Quantum particles come in two types, fermions and bosons. Whereas bosons can be their own antiparticles, which means that they can annihilate each other in a flash of energy, fermions generally have distinct antiparticles; for example, an electron’s antiparticle is the positively charged positron. But in 1937, Italian physicist Ettore Majorana adapted equations that Englishman Paul Dirac had used to describe the behaviour of fermions and bosons to predict the existence of a type of fermion that was its own antiparticle. Over decades, particle physicists have looked for Majorana fermions in nature, and after 2008, condensed-matter physicists began to think of ways in which they could be formed from the collective behaviour of  electrons in solid-state materials, specifically, on surfaces placed in contact with superconductors or in one-dimensional wires.

Kouwenhoven’s apparatus is along the latter lines. In his group’s set-up, indium antimonide nanowires are connected to a circuit with a gold contact at one end and a slice of superconductor at the other, and then exposed to a moderately strong magnetic field. Measurements of the electrical conductance of the nanowires showed a peak at zero voltage that is consistent with the formation of a pair of Majorana particles, one at either end of the region of the nanowire in contact with the superconductor. As a sanity check, the group varied the orientation of the magnetic field and checked that the peak came and went as would be expected for Majorana fermions……….

Read more: www.nature.com

Read also:
Have we summoned the mysterious Majorana fermion?

Majorana particle glimpsed in lab

Physicists move one step closer to quantum computer

In his quest to create a "topological insulator," Rice graduate student Ivan Knez spent hundreds of hours modifying tiny pieces of semiconductors in Rice University's clean room.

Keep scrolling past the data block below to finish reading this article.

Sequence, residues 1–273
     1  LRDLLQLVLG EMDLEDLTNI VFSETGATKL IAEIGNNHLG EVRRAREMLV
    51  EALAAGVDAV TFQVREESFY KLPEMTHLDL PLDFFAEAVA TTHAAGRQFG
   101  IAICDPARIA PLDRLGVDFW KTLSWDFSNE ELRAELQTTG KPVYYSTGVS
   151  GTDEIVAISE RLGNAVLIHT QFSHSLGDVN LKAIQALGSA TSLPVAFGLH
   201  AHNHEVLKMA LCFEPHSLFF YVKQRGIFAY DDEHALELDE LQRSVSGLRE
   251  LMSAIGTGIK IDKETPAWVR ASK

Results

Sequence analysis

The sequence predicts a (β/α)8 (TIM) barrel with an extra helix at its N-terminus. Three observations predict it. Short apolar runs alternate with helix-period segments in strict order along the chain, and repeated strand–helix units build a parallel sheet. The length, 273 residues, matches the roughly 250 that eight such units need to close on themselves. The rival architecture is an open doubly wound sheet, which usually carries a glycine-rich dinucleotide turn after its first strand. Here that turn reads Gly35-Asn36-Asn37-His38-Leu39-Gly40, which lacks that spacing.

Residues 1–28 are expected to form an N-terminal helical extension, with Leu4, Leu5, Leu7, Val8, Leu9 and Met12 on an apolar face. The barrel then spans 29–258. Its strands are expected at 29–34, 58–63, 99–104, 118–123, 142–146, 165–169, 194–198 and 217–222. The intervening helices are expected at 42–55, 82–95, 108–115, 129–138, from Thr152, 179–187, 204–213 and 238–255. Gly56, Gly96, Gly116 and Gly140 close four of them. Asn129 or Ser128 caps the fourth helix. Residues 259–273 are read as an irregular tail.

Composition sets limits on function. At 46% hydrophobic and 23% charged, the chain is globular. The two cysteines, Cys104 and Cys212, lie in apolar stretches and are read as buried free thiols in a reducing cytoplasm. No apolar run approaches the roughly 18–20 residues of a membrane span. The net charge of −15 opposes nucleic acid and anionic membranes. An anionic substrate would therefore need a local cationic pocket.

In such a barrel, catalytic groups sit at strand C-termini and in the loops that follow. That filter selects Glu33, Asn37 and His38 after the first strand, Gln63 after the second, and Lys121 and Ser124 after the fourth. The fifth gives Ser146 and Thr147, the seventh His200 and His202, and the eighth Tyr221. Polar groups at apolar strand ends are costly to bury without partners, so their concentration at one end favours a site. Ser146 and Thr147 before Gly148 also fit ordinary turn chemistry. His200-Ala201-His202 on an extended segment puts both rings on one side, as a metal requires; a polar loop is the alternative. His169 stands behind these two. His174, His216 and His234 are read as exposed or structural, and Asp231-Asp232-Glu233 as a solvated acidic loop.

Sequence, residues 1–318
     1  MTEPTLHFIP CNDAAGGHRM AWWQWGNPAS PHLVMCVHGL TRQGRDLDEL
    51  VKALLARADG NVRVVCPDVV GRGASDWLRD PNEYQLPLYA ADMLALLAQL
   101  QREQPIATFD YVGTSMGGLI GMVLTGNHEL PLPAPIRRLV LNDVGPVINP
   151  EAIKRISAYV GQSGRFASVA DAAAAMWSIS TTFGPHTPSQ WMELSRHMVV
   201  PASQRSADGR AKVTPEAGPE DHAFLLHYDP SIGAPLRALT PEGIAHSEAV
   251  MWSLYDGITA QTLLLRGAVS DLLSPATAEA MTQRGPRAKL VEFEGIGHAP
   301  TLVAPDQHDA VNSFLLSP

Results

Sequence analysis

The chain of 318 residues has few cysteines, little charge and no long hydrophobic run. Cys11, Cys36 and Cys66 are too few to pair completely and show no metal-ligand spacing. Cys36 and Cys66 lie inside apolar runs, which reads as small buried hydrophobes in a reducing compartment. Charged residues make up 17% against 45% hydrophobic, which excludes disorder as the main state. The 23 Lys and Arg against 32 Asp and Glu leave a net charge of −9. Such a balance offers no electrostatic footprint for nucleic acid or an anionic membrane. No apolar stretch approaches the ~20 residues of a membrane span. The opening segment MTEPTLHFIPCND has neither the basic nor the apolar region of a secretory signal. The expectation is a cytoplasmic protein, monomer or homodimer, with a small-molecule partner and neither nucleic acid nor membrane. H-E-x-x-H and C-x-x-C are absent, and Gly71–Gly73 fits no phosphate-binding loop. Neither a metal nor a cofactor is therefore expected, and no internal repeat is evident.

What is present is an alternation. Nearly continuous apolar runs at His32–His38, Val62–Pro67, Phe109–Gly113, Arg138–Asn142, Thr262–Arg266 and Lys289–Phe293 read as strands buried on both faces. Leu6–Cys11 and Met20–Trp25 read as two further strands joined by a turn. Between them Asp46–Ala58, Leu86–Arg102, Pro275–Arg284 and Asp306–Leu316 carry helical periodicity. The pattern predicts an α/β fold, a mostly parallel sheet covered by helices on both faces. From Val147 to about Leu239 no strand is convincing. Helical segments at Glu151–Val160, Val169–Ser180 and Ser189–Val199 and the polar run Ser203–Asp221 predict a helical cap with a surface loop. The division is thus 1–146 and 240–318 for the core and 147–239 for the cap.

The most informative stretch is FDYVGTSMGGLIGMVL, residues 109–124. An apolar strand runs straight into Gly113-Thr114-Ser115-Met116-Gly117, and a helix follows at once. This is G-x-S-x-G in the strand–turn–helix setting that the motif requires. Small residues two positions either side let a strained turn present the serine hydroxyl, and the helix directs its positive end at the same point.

Rice University physicists have created a tiny “electron superhighway” that could one day be useful for building a quantum computer, a new type of computer that will use quantum particles in place of the digital transistors found in today’s microchips.
n a recent paper in Physical Review Letters, Rice physicists Rui-Rui Du and Ivan Knez describe a new method for making a tiny device called a “quantum spin Hall topological insulator.” The device, which acts as an electron superhighway, is one of the building blocks needed to create quantum particles that store and manipulate data.
Today’s computers use binary bits of data that are either ones or zeros. Quantum computers would use quantum bits, or “qubits,” which can be both ones and zeros at the same time, thanks to the quirks of quantum mechanics….. Continue reading Physicists move one step closer to quantum computer

First Quantum Computer With Quantum CPU And Separate Quantum RAM

Computer scientists have built a superconducting number cruncher with a Von Neumann architecture that paves the way for a new era of quantum computation